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- Open Access
Modelling the impact of infection control measures on the incidence of vancomycin-resistance enterococci: a time-series analysis
© Chen and Chuang; licensee BioMed Central Ltd. 2011
- Published: 29 June 2011
- Multiple Linear Regression
- Active Surveillance
- Multiple Linear Regression Model
- Clinical Microbiology
- Secular Trend
Vancomycin-resistant enterococci (VRE), an important pathogen causing healthcare associated infection emerged and increased rapidly worldwide. Several measures have been implemented to control the spread of VRE. This study aimed to evaluate the impacts of the annual hand hygiene promotion program (HHPP) and the active VRE surveillance (AS) on VRE infection/colonization incidence in a 2300-bed teaching hospital in Taiwan.
From January 2001 through December 2010, monthly VRE infection/ colonization incidence identified according to clinical microbiology lab results and the infection control measures implemented were analyzed retrospectively. A time-series analysis was conducted using a multiple linear regression model to estimate the effects of the HHPP and the AS on the incidence of VRE infection/colonization.
A total of 1069 VRE cases were identified in 6577541 patient-days. The incidence of VRE (per 10000 patient-days) was 0.22 cases in January 2001, reached the peak of 6.40 cases in March 2009, and then decreased to 1.76 cases in December 2010. The multivariate analysis of the data showed that the incidence of VRE was significant increasing over time in these 10 years (Coefficient 0.015, P = 0.02). Implementation of the HHPP had significant decreased the incidence of VRE (Coefficient -0.599, P = 0.05). Establishment of the VRE AS also had significant decreased the incidence of VRE (Coefficient -0.971, P = 0.001). However, there was a time lag of 12-months to see the significant impact for the AS to the incidence of VRE.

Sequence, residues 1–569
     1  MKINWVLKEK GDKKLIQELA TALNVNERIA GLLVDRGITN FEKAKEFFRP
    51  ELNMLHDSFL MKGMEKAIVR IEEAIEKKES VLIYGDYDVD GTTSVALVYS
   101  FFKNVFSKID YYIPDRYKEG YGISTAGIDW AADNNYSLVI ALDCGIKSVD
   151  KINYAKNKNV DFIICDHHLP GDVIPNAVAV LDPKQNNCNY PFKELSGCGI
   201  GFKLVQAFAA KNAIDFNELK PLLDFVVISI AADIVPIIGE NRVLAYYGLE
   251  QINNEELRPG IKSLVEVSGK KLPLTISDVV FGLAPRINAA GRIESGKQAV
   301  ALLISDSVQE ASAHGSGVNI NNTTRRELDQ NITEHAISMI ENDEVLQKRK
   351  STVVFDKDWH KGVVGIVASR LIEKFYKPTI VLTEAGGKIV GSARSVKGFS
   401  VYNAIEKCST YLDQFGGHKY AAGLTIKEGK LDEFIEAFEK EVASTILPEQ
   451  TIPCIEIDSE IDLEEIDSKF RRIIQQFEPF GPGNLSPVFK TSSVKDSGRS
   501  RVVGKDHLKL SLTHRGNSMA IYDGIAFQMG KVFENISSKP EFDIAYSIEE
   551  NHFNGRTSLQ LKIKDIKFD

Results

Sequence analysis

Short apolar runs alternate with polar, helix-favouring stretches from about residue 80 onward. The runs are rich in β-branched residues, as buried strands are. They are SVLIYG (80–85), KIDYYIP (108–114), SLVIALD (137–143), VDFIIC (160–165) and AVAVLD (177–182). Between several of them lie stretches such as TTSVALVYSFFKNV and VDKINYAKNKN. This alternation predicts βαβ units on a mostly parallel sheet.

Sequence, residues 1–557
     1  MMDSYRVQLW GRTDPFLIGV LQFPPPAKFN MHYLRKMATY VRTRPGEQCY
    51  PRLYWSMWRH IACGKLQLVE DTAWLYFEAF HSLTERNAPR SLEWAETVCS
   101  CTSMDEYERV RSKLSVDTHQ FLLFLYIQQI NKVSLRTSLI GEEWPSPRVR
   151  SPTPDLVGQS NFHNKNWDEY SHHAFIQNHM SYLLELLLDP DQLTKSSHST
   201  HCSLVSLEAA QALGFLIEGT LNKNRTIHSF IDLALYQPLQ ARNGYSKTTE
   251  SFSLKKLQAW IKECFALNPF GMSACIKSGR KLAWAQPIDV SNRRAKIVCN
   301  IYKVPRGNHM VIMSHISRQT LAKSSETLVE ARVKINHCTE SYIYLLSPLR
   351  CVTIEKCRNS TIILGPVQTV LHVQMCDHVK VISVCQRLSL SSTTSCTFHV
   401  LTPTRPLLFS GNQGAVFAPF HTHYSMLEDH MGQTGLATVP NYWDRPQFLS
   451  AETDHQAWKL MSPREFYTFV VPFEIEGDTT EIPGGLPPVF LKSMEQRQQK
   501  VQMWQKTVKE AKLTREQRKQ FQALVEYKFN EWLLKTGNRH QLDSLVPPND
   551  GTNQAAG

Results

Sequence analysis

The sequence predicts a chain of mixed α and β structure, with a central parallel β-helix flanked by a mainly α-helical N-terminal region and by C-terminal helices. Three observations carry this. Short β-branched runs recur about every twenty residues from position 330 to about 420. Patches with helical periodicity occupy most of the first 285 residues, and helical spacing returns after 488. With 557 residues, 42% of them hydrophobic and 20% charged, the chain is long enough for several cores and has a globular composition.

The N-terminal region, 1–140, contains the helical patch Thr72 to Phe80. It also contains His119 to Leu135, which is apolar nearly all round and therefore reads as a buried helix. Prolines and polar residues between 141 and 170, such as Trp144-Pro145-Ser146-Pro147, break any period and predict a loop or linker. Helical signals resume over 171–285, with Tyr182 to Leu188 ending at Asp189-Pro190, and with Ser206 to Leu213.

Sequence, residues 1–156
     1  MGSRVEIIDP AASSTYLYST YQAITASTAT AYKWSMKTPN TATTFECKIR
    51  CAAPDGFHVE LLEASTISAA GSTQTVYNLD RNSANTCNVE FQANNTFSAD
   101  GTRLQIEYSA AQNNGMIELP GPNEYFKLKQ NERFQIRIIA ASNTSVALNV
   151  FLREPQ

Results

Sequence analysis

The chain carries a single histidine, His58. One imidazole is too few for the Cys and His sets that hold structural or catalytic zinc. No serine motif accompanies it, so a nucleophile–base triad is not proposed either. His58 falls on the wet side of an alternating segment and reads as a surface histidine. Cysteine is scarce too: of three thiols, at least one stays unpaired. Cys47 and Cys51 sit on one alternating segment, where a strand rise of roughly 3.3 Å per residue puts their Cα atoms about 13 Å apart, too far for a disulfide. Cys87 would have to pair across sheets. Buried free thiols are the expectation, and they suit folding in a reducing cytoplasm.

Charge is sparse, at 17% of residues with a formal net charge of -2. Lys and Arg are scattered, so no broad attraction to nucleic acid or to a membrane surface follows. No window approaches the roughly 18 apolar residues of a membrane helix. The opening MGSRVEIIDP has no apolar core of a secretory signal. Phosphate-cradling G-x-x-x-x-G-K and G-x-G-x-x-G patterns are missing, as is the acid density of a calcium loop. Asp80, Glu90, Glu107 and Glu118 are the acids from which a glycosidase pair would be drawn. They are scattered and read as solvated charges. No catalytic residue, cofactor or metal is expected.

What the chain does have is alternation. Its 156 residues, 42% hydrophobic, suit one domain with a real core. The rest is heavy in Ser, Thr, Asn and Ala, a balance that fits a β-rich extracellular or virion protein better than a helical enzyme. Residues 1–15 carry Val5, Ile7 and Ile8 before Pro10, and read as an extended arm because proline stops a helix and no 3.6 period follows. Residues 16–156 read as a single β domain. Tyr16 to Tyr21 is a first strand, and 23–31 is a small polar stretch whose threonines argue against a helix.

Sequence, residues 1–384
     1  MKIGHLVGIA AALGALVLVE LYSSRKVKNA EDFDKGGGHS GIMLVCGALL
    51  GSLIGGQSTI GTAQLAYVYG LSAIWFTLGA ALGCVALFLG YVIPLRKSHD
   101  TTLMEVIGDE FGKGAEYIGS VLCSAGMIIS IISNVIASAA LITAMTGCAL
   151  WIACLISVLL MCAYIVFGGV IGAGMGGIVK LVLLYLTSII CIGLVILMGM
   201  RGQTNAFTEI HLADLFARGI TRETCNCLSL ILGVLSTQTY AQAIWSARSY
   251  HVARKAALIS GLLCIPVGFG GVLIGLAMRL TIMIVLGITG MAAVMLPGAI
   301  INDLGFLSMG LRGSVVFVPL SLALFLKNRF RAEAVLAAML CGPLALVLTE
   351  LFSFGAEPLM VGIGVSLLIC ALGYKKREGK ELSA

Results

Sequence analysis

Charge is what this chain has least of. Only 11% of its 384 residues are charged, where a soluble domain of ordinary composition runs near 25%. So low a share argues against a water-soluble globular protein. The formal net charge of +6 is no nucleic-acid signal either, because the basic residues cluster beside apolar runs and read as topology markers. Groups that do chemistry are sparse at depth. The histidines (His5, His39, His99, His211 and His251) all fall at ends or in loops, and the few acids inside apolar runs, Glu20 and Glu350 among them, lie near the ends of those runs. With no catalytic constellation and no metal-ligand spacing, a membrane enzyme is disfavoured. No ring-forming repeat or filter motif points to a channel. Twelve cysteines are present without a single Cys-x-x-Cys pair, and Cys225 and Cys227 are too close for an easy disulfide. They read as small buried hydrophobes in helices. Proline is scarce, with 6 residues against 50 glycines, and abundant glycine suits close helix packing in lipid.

Though the secular trend of VRE was increasing, implementation of both hand hygiene promotion program and active VRE surveillance were effective in lowing the VRE burden. There was a time lag to the impact of active surveillance.
This article is published under license to BioMed Central Ltd. This is an open access article distributed under the terms of the Creative Commons Attribution License (http://creativecommons.org/licenses/by/2.0), which permits unrestricted use, distribution, and reproduction in any medium, provided the original work is properly cited.